9 ft of flex will reduce airflow about 10% of your air flow whereas 9ft of straight pipe will reduce it by 3%.
    How are you dealing with the saw guard?.

  11. #85
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    At the moment there is no guard. I'd like something like the Shark Guard but last time I looked there was a long waiting time. Maybe an articulated scoop? Have to sort out the cabinet outlet first. On the Laguna Fusion it's pathetic.

    Thanks for for the ducting equivalents. It's the first time I've seen such a clear comparison of straight and flex or bends. Very helpful.

    Any suggestion about having a certain length of straight pipe going into the DE?

  12. #86
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    Quote Originally Posted by Rabbott View Post
    At the moment there is no guard. I'd like something like the Shark Guard but last time I looked there was a long waiting time. Maybe an articulated scoop? Have to sort out the cabinet outlet first. On the Laguna Fusion it's pathetic.

    Thanks for for the ducting equivalents. It's the first time I've seen such a clear comparison of straight and flex or bends. Very helpful.

    Any suggestion about having a certain length of straight pipe going into the DE?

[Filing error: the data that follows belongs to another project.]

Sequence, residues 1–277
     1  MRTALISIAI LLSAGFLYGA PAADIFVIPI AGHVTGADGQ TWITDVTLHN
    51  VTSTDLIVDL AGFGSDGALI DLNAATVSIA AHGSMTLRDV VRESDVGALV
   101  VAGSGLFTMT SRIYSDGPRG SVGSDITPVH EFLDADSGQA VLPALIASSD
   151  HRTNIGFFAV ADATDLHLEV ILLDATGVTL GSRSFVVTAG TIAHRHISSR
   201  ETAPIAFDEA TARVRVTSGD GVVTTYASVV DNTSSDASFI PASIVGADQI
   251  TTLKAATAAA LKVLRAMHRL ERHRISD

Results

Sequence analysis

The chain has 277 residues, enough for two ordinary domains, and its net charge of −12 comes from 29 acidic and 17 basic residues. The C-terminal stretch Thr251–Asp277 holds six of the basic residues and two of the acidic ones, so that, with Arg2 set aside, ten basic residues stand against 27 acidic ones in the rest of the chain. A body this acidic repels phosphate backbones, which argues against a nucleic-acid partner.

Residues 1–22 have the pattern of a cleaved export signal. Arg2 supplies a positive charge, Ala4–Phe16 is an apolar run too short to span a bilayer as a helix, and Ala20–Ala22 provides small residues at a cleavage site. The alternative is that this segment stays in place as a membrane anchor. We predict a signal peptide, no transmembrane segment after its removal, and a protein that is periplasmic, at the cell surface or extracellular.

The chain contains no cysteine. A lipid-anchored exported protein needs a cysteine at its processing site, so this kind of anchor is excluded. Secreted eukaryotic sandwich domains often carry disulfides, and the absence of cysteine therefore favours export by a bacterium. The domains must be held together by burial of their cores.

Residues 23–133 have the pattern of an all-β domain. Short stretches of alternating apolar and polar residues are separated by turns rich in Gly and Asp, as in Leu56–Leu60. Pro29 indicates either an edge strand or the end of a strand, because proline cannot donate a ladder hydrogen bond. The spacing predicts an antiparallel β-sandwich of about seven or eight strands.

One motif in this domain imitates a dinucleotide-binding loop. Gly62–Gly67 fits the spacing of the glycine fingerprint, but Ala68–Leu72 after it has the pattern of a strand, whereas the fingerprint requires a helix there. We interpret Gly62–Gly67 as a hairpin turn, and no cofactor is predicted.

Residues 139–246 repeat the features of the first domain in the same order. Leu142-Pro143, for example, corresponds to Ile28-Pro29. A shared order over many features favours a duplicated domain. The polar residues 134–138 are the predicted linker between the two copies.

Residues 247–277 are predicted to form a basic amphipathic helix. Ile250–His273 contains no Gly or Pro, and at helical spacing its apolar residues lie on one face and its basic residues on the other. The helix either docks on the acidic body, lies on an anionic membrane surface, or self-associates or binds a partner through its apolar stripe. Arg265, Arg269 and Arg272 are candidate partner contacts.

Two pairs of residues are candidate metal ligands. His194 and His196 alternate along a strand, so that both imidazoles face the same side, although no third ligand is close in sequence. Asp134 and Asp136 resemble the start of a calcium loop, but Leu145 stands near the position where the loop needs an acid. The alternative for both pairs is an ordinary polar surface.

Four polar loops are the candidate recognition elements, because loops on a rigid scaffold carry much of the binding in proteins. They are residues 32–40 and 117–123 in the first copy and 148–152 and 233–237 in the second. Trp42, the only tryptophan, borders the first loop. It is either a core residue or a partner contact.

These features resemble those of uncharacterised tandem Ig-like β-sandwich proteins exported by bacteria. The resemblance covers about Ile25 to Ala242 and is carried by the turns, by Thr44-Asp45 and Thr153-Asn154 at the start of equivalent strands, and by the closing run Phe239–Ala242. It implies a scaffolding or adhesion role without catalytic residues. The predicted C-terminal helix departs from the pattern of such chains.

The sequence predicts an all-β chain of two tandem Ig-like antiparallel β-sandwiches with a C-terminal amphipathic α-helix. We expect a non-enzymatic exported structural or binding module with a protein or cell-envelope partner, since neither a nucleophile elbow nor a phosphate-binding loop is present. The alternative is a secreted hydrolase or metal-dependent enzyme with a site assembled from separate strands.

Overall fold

A basic guideline to maintain smooth (minimal turbulence) air flow is that there should be 5 (and preferably 10) duct diameters between junctions and bends.
    The DE itself is classified as a junction
    In practice in a DIY shed this is very difficult so you do the best you can.

  13. #87
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    I can recommend one of these made from 10 mm polycarbonate. Not difficult to make and works well.

    IMAG0229.jpg

  14. #88
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    Thanks John

    Yes I had seen this in my reading of various posts but in my reply to Bob couldn't remember who to credit it to. Looks excellent and will certainly put on the to-do list. A far easier option than spending heaps on trying to import a Shark Guard. First however is enlarging Laguna Fusion outlet to 150 mm. I opened up the cabinet yesterday and found it half full of sawdust as the 2" hose from the throat had come off. This shares the 4" outlet so drastically reduces effectiveness of both.